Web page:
When all is said in done, there are quite a few reasons to believe that virtually no films where released in 2008 - at least none as important as current affairs: between the death of film criticism, a tanking economy, and perhaps the most important presidential election of (most of) our lives, it was easy to overlook the multiplex. Unless, of course, that multiplex was playing the Dark Knight, the second most popular film of all time (if one judges such things by box office gross; and lets face it, most do).
Most pertinent to myself is the ongoing debate as to the state of criticism. At the risk of boring non-specialists with the details, lets just say that a combination of crumbling print empires and their decreasing classified revenues, philistine movie executives pandering to a younger demographic with disposable income, and, by implication, an increasingly disenfranchised movie going public that would just rather stay home, has all lead to an irrevocable decline in the conversation surrounding film as art. But perhaps it’s too easy to make such broad justifications – after all, as several recent releases have shown, notwithstanding The Dark Knight factor, people seem more than willing to come out to theatres, assuming there is something worth seeing. Regardless of quality, or what this critic might think, people are turning out in droves for Slumdog Millionaire, Milk, Frost/Nixon and Gran Torino, as well as, to a lesser degree, Doubt. So we might amend the above to read something like ‘audiences don’t go to movies anymore, unless they do’, ‘the studios don’t make films for adults, except when they do’, and, with regards to critical analysis, ‘critics don’t matter, except when they do’. As we steadily approach awards season, those critics that the studios usually shun suddenly start getting their quotes plastered all over the place, the studios looking for affirmation that their product can deliver the goods to a discerning crowd (the crowd that, lets remember, doesn’t usually exist, at least before November).
So what does this all mean? Simply put, there are too many opinion pieces out there and not enough, well, criticism. After spending all year bemoaning the state of the art, we are suddenly relevant again, but instead of taking full advantage of it, we've just started repeating ourselves. In the last few weeks, I’ve seen at least four different op ed pieces on the current slate of WWII/Holocaust dramas that have been/are set for release from the studios, as well as a slew of accolades for most, if not all, of the above mentioned films. But I must admit that I am ambivalent for two reasons: one being that, as I see it, good criticism has been on the decline for a while, not just in the wake of recent job loss, and two, that the remaining old guard has easily slipped into the role of studio adjunct publicist. What else to make of the myriad number of top ten lists and critic’s association awards that have already started making the rounds? Chock full of films that most of us won’t be able to see for several weeks, if not months, they don’t serve much of a purpose beyond hyping product that already has substantial marketing in place, as well as the usual banal Oscar short listing. I, for one, don’t see much point in predicting what’s going to win awards that, beyond the uselessness of such an endeavor, doesn’t do much to critically grapple with the films in question (I might add that the above mentioned flood of Holocaust overkill pictures essays all include films not already in release (Valkyrie), and some not even set for release before the end of the year (Good, Defiance), essentially giving free publicity to films invoking a trend the various critics are supposedly bemoaning). With this in mind, I’m not particularly saddened by a few industry stool pigeons loosing their lively hood. I also hasten to add that the list just posted by Slant Magazine goes some ways toward avoiding most of the pitfalls I’ve mentioned, instead focusing on, you know, actual films.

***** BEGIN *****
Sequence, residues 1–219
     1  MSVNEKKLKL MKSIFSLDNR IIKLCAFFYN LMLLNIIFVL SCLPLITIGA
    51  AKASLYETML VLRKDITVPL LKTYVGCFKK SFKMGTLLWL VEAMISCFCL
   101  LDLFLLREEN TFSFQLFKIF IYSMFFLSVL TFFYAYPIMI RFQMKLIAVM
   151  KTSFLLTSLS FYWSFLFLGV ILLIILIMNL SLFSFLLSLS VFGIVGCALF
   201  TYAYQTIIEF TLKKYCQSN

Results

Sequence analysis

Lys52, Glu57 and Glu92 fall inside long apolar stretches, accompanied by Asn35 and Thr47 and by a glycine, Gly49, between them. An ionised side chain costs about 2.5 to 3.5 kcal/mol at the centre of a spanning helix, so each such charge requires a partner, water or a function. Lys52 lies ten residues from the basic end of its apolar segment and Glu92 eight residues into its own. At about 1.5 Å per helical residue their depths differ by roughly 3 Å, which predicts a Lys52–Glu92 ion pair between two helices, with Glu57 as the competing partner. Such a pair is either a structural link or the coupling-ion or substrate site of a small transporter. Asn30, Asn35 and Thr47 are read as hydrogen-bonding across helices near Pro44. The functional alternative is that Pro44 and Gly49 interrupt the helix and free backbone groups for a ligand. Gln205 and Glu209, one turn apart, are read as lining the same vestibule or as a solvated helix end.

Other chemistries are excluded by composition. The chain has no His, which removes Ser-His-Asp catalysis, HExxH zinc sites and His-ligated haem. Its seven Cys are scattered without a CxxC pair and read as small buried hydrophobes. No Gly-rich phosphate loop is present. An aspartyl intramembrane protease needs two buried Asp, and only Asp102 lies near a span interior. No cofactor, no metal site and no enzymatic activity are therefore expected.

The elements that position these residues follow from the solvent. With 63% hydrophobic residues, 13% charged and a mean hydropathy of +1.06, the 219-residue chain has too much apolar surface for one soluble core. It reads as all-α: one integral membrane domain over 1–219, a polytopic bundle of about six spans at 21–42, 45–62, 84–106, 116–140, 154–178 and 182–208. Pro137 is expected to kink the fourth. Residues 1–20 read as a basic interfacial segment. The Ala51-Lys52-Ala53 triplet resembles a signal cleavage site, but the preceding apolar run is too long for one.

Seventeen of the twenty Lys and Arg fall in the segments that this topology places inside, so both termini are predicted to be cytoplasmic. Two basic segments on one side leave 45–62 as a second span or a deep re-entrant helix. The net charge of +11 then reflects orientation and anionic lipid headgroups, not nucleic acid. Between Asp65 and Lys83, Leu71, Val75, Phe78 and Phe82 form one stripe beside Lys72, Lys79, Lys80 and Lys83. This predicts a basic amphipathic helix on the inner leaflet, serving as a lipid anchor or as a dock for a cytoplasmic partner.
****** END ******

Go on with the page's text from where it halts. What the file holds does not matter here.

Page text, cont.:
I’m not suggesting that critics don’t actually like or care about the films they choose to place on their lists, but I am suggesting that what they have to choose from exists only within clearly delineated parameters, parameters more often than not set by studio publicity machines. As usual, Roger Ebert’s annual top ten list is a pretty clear indicator of enthusiastic, if unremarkable, middle brow taste. Barring a few legitimate American indies, like Ballast and Shotgun Stories, the presence of the usual Miramax Oscar bait prestige dominates. To reiterate, I’m not suggesting that Ebert doesn’t actually like the films that he is endorsing, only the fact that what he is promoting is so limited in scope as to be laughable (I might add that several of the legitimate independent films he lists will also be screening during his next Ebertfest, suggesting that his promoting of such films is also promoting his film festival and, by extension, himself). By way of comparison, the most recent issue of Art Forum offers several top ten films of the year lists, one by the incomparable James Quandt of the Cinematheque Ontario in
I would also direct you to a recent lambasting of NY Times critic Manohla Dargis, in an article from the Los Angles Times that is clearly designed to damn her with faint praise. Scoot on over and read it for yourself – to my mind, the fact that she has no interest in playing the publicity game is all the ammunition some people need to suggest that she just simply doesn’t like movies, life, liberty, or the pursuit of happiness. Never mind the fact that her own recently published top ten list clearly indicates not just good taste (obviously a subjective judgment on my part), but a general optimism with regards to the state of the art form. This is clearly quite a leap from the cranky curmudgeon that Patrick Goldstein paints her to be (it is equally fascinating to watch Goldstein try to simultaneously critique Dargis while attempting to not appear entirely as a studio mouthpiece, an effort in which he fails quite spectacularly).